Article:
In ancient and medieval times, peonies were used for medicinal purposes. Their seeds and roots were believed to have been the cure for over 20 diseases including snake bites and epilepsy. Back in the day, in England, young children used to wear necklaces made out of peony roots to help with teething pains and prevent seizures.

Want to find out more about flowers and maybe even learn how to arrange them into beautiful bouquets? Check out our flower workshops! Email kate@abetterflorist.com for more details.

Flower Guide

The Beginner’s Guide to Flower Selection

March 15, 2017
Beginner's Guide to Flower Selection

Gifting flowers is a sweet and classic move towards letting someone know that you care. While buying flowers may be quite cumbersome before, online florists has made the process easy breezy these days. You can buy flowers and have them delivered in a matter of minutes within the comfort of your home.

So you’re thinking about giving flowers to your loved one and you don’t know where to start. Don’t fret, we have the perfect guide to help you throughout this whole process.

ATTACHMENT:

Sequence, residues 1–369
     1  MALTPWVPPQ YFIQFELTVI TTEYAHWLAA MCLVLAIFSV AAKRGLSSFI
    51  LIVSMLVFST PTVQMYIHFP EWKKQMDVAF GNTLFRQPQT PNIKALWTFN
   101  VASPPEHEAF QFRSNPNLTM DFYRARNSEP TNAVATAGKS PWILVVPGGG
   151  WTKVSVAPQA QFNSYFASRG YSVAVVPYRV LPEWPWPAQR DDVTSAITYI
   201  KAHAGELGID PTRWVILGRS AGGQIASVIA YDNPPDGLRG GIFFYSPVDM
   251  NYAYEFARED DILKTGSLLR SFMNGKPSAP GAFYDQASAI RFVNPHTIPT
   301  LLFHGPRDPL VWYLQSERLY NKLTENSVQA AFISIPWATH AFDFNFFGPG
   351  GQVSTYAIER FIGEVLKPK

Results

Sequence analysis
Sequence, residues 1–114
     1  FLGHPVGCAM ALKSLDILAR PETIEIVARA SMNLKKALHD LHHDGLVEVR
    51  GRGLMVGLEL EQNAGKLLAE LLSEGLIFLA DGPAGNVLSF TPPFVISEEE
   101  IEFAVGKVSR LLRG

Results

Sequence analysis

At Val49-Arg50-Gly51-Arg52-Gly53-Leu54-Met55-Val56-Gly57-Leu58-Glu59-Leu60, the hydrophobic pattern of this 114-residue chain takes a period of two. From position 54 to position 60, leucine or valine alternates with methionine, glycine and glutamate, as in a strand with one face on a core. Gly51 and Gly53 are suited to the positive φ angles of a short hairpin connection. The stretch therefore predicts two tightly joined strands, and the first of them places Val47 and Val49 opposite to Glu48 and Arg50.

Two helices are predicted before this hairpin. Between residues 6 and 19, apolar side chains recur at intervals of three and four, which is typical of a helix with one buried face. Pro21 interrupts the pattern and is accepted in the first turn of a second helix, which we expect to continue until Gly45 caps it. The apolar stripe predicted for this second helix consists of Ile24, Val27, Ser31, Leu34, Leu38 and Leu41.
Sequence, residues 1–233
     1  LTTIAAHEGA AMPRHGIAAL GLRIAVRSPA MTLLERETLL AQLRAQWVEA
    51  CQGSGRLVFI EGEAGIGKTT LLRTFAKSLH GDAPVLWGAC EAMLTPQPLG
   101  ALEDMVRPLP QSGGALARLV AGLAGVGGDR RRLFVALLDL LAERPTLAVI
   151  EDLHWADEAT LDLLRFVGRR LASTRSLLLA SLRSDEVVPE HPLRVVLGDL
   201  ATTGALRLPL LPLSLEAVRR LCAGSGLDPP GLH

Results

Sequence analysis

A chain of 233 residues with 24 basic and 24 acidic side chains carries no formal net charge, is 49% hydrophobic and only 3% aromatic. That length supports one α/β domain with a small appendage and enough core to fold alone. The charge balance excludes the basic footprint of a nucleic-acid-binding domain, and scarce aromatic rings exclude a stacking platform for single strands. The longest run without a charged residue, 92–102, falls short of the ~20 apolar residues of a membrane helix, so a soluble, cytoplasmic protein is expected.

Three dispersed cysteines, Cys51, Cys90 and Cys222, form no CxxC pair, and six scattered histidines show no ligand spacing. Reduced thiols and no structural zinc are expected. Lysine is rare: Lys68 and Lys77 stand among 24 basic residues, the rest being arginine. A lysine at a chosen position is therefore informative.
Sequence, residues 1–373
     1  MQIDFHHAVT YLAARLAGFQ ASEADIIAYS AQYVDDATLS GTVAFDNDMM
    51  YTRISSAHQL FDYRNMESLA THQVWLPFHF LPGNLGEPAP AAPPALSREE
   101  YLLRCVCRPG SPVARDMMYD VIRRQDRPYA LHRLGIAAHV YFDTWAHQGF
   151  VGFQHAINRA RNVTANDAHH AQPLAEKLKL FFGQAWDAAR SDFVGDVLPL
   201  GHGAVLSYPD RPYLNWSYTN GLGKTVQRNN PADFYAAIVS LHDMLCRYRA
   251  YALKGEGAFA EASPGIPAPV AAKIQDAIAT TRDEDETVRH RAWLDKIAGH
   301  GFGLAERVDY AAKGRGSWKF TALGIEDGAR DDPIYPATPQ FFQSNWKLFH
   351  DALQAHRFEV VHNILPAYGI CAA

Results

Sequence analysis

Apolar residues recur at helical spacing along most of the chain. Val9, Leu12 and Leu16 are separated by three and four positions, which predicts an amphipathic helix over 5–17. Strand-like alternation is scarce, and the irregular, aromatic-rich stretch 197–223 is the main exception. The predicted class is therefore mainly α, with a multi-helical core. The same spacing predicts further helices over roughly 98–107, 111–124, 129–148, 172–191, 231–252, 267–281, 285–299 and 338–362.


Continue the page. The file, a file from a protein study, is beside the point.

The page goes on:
Consider the basics

First, you need to deal with the basic details.

Who’s the recipient? The types of flowers you send to your mother or a boss is different from a bouquet for your significant other. Red flowers may be romantic for your romantic partner but wildly inappropriate for a boss. Below is a basic guide on flower meanings to help you out. Of course, if you know the recipient’s favourite blooms, you’re already on the right track. It’s also helpful to find out if the recipient has allergies, so you can avoid certain flower choices. Check out this list of allergy-prone flowers to avoid.

What’s the occasion? Is it for Mother’s Day? Valentine’s Day? Or maybe there’s no special occasion and you just want to express your appreciation. Occasions can dictate not only the type of flowers you send, but also the floral arrangements for your bouquet.

Do you have a budget? Another detail to consider is your budget. If nothing else, this can narrow down your flower selection based on your price range.

Flower customs

Another key factor to consider are the customs of certain cultures. In order to avoid unintentionally offending your recipient, be aware of the basic dos and don’ts especially in a multi-cultural environment such as Singapore.